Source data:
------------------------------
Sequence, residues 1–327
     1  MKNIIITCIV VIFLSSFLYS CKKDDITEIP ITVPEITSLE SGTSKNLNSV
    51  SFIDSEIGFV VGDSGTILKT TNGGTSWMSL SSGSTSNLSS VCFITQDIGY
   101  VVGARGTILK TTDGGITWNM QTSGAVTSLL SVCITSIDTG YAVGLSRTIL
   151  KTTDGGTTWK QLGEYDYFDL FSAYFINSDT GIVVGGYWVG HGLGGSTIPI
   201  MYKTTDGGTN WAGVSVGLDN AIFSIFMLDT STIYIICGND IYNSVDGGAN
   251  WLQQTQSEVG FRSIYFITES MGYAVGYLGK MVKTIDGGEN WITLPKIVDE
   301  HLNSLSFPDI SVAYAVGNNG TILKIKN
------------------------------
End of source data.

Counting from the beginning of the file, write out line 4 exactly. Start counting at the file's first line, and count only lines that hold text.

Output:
   101  VVGARGTILK TTDGGITWNM QTSGAVTSLL SVCITSIDTG YAVGLSRTIL